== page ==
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Credit Underwriting is Shifting Before Our Eyes

As a lender, imagine an applicant came to you with no credit history or credit score. How would you determine whether to approve the loan? And, at what cost?

Such is the current state of much of the US lending industry. Though credit reports cover the majority of US adults, the sudden onset of this pandemic and a skyrocketing unemployment rate has left lenders driving blind. Given that no credit models have been trained on these pandemic-induced economic conditions... it is clear that making a credit determination by looking at credit history alone is helpful, but wholly insufficient.

This crisis reveals a central weakness of our credit system - we attempt to predict the future based on what has happened in the recent past. Notably, this brings up a few issues:

  1. The future may simply look different than the past. The past is less valuable when “black swan” events - so called for their rarity - such as pandemics, financial crises, political crises, terror attacks, and climate change-related disasters now seem to occur with an unpredictable frequency.

  2. The chicken-and-the-egg conundrum: you need a previous credit history to get credit, but you need credit to begin getting a history. Consequently, an estimated 45M Americans are considered “credit invisible.”

Overall, this crisis is likely to accelerate a key underwriting trend - the move away from backward looking models to one where lenders use more forward-focused credit models.

forward-looking > backward-looking credit models

Though all credit models attempt to predict the future, how they do so will shift: less reliant on backward-looking information like credit reports and more oriented toward forward-looking data like cash flow and future predicted income.

This shift will be enabled by changes in the underlying data and analytics. Here are 4 predictions:

#1: Cash flow data will become widespread in its use

Cash flow data helps lenders understand real-time measures of a person’s level of liquidity, savings, obligations, and any recent changes in income (e.g., a decrease due to a paycut, lost hours, or unemployment; or, an increase due to a bonus). The picture provided is more immediate and richer than a credit report alone.

Further, research on the use of cash flow data in underwriting has been found to boost financial inclusion. This data has only recently become readily accessible to lenders through fintechs like Finicity and Plaid and is expected to continue broader adoption.

#2: Employment & income data will be used to predict future income for underwriting

How lenders ask for employment and income data will change. In a forward-looking credit model, lenders will increasingly look at a person’s employment and income information to estimate future predicted income.

Future predicted income when used alongside current income helps measure income risk sensitivity to both adverse shocks and upside potential. Such a calculation will help lenders understand a person’s ability-to-repay both today and in the future.

Employment data such as sector, company, job category, and position will be used to determine how various scenarios affect future income. The same is also true of upside potential - a person in a growing field with fast wage growth may have a higher future predicted income.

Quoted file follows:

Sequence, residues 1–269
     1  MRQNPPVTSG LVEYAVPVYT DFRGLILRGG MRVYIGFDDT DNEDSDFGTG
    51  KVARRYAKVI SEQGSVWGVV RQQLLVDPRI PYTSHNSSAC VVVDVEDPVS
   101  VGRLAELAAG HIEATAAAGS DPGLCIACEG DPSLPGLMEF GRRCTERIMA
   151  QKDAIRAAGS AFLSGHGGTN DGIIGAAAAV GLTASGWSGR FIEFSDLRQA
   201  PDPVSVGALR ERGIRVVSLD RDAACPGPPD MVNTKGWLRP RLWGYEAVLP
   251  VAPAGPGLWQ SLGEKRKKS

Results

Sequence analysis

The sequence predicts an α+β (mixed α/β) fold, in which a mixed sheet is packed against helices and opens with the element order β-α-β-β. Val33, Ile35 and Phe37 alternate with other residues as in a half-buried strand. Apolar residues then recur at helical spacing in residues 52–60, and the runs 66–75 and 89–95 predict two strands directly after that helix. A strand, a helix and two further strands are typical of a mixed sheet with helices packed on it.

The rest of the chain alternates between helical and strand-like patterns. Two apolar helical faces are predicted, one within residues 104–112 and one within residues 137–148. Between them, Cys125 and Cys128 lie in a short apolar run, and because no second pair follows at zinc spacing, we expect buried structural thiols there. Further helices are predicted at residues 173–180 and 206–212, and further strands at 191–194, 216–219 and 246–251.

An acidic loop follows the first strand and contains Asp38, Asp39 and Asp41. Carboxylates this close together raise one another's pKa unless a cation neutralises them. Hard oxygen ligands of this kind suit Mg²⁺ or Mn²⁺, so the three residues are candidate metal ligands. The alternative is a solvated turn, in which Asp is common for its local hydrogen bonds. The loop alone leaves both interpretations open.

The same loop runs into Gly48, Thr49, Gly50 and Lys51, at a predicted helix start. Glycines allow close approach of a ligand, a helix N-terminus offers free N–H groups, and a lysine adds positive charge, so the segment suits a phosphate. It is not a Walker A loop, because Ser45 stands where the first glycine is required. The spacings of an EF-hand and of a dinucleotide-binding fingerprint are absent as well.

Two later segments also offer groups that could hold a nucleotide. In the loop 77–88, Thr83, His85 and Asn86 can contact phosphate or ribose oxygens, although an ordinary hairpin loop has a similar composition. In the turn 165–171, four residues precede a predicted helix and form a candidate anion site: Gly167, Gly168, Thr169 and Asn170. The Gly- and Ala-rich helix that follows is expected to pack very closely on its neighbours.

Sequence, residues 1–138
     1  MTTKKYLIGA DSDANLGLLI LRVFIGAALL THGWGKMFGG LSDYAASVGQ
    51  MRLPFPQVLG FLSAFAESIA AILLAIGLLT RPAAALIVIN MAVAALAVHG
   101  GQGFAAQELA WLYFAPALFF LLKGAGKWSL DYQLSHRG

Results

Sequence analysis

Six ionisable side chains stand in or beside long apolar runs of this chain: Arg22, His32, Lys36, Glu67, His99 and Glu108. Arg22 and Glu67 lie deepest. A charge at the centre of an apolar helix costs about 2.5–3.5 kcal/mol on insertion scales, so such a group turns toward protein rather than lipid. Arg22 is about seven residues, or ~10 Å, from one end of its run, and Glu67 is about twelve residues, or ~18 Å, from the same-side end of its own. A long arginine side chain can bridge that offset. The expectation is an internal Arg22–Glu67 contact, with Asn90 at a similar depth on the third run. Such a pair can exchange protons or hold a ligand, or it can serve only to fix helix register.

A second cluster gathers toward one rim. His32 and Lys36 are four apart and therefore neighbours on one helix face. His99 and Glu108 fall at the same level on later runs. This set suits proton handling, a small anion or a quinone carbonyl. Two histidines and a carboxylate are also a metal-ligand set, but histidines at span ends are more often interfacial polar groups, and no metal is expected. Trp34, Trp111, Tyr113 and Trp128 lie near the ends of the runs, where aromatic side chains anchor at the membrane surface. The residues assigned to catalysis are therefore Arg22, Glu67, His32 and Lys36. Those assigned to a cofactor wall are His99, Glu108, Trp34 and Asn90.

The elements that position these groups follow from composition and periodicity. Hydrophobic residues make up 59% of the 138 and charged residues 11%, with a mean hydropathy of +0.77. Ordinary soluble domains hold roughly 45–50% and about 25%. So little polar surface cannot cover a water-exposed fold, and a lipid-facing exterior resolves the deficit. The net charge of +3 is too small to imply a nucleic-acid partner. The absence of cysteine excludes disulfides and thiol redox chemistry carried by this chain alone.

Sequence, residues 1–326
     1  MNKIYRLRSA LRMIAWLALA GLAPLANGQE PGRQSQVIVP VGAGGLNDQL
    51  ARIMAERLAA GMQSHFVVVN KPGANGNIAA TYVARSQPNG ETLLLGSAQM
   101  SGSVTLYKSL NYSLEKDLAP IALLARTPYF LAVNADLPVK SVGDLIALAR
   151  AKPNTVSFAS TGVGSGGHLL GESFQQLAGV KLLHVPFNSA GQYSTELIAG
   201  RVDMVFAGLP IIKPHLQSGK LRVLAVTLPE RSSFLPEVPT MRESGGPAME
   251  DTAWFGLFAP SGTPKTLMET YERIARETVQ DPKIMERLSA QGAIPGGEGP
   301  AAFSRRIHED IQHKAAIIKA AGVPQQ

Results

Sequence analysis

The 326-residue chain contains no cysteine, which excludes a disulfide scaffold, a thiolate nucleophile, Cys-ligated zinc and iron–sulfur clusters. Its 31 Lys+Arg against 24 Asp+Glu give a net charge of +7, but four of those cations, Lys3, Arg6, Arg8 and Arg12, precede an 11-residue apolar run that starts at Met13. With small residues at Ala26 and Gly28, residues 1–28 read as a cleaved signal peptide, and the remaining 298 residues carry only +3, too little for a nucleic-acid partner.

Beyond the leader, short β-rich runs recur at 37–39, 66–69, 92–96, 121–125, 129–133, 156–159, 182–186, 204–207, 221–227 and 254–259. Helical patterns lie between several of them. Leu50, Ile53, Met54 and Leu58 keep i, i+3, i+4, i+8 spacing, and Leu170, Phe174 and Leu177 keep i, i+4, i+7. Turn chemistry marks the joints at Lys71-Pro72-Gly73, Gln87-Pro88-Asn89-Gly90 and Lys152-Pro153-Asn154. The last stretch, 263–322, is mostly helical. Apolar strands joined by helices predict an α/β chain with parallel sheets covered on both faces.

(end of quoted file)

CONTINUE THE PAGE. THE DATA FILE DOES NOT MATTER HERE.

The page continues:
Because employment and income data will become more crucial for underwriting, more lenders will seek to verify self-reported income and employment information.

#3: Machine learning (ML) will come to dominate credit risk analysis

Machine learning-based credit models will outperform more traditional credit models. This is true for two principle reasons:

  • First, ML allows for the inclusion of more data (like cash flow data, employment data, more macro-economic data, etc.) which increases the range of scenarios and factors the model is trained on.

  • Second, ML algorithms identify connections between sets and groupings of variables that traditional models don’t account for.

This will give lenders an edge in assessing future risk and hasten the transition towards more forward-looking approaches.

Though there are various flavors of machine learning used in underwriting, the industry will increasingly use the unconstrained, full-powered flavor of ensembled learning used by fintechs like Upstart, ZestAI, and Ensemblex as the explainability gap is addressed.

#4: Lenders will build the credit model infrastructure needed to enable rapid model enhancements

Credit models aren’t static. They’re meant to be refreshed and retrained as more data becomes available in a continuous feedback loop. In times of crisis, this becomes even more critical: feeding early data back into a credit model will immediately enhance its accuracy and staunch heavier bleeding.

As a way of future-proofing credit models, lenders will invest in rapid release capabilities. Rather than measuring the time from build to deploy in months (or even years), it could happen in days or weeks. The key advantage will be how fast lenders can turn around a refreshed model that incorporates new data.

What this all means

A world is coming in which credit is more forward-focused than backward-focused. For lenders, it has become a business imperative to insure downside risks. This shift will be enabled by new types of data and ML analytics.

Ultimately, this evolution should also be more beneficial to people: if more underwriting looks at future potential, more people without current histories would have access to affordable credit.

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